If You’re Recommending Therapy to People, There Are a Few Things You Should Know…

Photo by Anna Shvets on Pexels.com

Okay, another deeply personal essay that I will delete in a week or so.

Trigger warnings-mental health and suicide.

This is partly prompted by a conversation I recently had on Twitter. I knew exactly the way this conversation was going to go the second I piped up. Someone was tweeting about how great therapy is and why you shouldn’t hesitate to go to therapy.

If therapy works for you, that’s awesome. I’m really glad. Happiness is hard to come by. If talking to a therapist helps you feel better, by all means, do it. I’m not hating.

But therapy comes with some enormous risks and when people point out those risks, they are shamed or their experiences are minimized.

I piped up on twitter, explaining how therapy further added to my trauma when I was forced to go by my abusers as a child. I was dismissed when I told doctors what was happening to me at home, I was medicated to the point of psychosis (I am not exaggerating) and then medicated to the point of absolute lethargy in an effort to correct the first issue. I was 14.

Furthermore, I was given every diagnosis in the book. Bipolar was the one that I found most harmful. Not because there is anything wrong with being bipolar, but because my family weaponized this against me. I was in a home where violence was the norm. When I started defending myself (ie: getting into fist fights with my mom-hey, I had to notice I wasn’t smaller than her anymore at some point) my bipolar diagnosis was used against me each time the police had to be called. They were called for various reasons: noise complaints, and me running away, and once when I was 15 I became hysterical and just laid on the floor of the bathroom screaming for hours-like full on screaming-I wish I could explain that in a way that make sense to others-all I can say is there was so much anger in my body, like a physical thing pulsating in me, if I didn’t lay there and scream I was going to destroy everything around me-something else I did a lot. Sometimes I wonder if I would have gotten the help I actually needed if my depression presented in a normal feminine way. I had anger issues. I don’t think psychiatry knows what to do with females with intense anger issues. I didn’t cry and retreat. I picked fights, broke shit, and yelled.

I’ve kept all this to myself for so long out of a feeling of just absolute shame. I talk way more about my awful childhood than I do my rocky teen years, because I expect everybody to do what all the people in authority did back then when I spilled my guts: go, she’s bipolar, she’s not credible, she’s the problem.

I’m not the problem though. Once I came off all that terrible medication and cut my family out of my life, my mental health improved drastically. From ages 14-21 I was hospitalized in a revolving door cycle. I literally do not know how many times I was hospitalized. I’d have to guess about a dozen. I self-harmed. I had disordered eating. I was incredibly aggressive. I cried all the time. I engaged in very risky behavior. 19-year-old me literally fucked a homeless guy in a graveyard. I didn’t even feel anything when I did it. I just…did it. I don’t know why. I didn’t like it. His breath was horrible. He was weird. I had no clue why I was doing it then. I have no clue now. My life was a mess of wild behavior, fights, freakouts, and hysteria.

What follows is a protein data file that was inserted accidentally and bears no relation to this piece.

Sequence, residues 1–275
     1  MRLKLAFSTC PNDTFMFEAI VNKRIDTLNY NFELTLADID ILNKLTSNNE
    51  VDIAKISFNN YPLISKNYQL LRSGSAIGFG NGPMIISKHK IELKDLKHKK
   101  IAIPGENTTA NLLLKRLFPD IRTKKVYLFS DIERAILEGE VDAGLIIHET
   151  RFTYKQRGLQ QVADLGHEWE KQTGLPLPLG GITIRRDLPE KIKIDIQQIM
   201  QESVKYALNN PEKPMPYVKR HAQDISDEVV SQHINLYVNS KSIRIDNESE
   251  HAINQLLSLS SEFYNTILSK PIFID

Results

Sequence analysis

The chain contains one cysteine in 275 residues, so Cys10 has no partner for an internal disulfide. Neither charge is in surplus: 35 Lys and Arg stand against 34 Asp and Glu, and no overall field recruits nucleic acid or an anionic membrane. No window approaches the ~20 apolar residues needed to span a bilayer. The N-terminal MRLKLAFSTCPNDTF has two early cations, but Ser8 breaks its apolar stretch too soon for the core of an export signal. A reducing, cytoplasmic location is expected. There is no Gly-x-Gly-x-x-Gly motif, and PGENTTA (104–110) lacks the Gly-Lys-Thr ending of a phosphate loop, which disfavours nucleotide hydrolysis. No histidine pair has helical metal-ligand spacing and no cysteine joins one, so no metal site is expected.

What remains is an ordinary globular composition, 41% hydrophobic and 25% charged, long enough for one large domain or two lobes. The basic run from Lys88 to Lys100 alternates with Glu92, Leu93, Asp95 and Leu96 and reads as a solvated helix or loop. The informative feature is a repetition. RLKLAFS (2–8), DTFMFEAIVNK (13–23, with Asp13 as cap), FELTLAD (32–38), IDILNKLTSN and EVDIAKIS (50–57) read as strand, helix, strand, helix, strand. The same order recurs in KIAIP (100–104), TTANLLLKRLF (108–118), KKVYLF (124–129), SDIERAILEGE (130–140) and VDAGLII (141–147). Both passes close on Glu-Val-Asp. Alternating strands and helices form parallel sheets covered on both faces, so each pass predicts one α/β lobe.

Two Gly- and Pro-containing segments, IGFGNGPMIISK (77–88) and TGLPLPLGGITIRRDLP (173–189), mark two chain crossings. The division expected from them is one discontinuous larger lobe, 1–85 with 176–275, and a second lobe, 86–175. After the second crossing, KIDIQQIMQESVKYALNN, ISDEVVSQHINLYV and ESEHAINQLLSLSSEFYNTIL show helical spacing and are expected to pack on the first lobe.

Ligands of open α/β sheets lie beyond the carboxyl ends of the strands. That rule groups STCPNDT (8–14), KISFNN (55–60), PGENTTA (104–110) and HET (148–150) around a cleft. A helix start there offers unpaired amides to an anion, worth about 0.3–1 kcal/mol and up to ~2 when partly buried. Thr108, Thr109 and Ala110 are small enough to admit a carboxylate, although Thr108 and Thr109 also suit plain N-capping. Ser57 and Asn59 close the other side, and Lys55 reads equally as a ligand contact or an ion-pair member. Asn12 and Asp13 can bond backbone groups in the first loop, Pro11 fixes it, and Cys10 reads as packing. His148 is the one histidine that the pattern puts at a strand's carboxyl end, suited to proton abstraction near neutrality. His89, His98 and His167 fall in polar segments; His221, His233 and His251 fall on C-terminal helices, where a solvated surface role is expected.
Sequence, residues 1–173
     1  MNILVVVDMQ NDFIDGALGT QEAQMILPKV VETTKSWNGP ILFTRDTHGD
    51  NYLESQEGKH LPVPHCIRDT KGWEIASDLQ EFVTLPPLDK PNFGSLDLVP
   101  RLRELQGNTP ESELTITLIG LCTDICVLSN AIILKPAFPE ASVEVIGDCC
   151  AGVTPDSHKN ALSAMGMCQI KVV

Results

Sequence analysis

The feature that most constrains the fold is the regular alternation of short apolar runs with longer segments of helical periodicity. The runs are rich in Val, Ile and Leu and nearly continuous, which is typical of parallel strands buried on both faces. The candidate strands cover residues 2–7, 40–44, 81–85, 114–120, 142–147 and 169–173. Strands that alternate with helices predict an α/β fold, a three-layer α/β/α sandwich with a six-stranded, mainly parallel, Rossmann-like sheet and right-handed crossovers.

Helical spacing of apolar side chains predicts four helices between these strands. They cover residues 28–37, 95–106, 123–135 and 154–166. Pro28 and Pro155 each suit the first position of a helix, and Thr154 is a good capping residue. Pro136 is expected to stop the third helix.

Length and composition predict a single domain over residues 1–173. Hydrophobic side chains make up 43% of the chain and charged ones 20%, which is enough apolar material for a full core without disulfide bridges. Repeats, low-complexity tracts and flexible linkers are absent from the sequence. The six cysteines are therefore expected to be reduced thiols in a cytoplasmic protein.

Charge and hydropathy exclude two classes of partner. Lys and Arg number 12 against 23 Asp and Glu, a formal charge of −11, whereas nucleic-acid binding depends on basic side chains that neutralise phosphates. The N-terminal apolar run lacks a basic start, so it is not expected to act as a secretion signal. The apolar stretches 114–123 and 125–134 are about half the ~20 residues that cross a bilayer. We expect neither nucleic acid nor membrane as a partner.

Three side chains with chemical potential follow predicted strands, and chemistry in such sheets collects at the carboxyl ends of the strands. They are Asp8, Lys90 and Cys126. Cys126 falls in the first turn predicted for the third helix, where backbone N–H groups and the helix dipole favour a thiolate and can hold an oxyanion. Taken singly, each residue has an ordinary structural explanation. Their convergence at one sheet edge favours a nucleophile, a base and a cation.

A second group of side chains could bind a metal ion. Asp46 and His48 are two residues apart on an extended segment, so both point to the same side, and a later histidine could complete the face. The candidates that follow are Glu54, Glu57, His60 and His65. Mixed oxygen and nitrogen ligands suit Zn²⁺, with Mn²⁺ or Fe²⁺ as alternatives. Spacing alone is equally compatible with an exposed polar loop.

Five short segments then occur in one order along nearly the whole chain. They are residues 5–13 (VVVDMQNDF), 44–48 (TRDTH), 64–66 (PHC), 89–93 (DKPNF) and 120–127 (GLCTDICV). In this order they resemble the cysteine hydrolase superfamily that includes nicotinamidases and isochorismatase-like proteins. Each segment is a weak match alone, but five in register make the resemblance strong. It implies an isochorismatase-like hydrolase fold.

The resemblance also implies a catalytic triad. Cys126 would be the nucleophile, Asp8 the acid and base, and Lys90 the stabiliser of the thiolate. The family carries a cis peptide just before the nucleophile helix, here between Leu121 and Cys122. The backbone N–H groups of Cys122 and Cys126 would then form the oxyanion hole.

Then I made the decision to come off all those meds that made me feel so wired all the time. Well…wired and exhausted. It’s a sensation like nothing else I’ve ever felt since. I had sleep paralysis all the time. My hands had a constant tremor in them. I slept with my eyeballs open. The side effects are really no joke. My cystic acne was out of control (although that might also be because I ate nothing but cinnamon roll flavored Ben and Jerry’s ice cream and iced coffe-Idk how I didn’t die).

Once I was off the meds and no longer in contact with my mom (as well as other toxic family members who affected me to a lesser extent), I was so much better. No more “mania.” My sleeping became regular. It was far easier to regulate my emotions. On those pills and with my mom constantly telling me how terrible I am, what a mistake I am, my thoughts would move so quickly it was like I couldn’t catch them. My emotions swung wildly from one extreme to the other.

Photo by Andrea Piacquadio on Pexels.com

After the pills and toxic family were gone, I was fine. I went through a short period of binge drinking after coming off the pills, so I’d probably call that an extinction burst. I would get blasted and cry about how my mom didn’t love me and it wasn’t my fault and oh-woe-is-me-what-did-do-to-deserve-this-life! But then, I was okay. I became a regular person who cried only over movies and books. No more fits of rage.

I’d never been able to hold a job before. Within two years of parting ways with my family I was rising through the ranks at Home Depot, a company I eventually became a manager for. I worked 50-60 hours a week happily. I was able to go out into the world every day without melting down.

Psychiatry did not help me. It further traumatized me. In a world where I already felt so powerless, where I lived with a parent who told me constantly how much she hated me, psychiatry took even more power away from me.

I was medicated against my will.

Every behavior of mine was judged harshly.

A label was put on everything.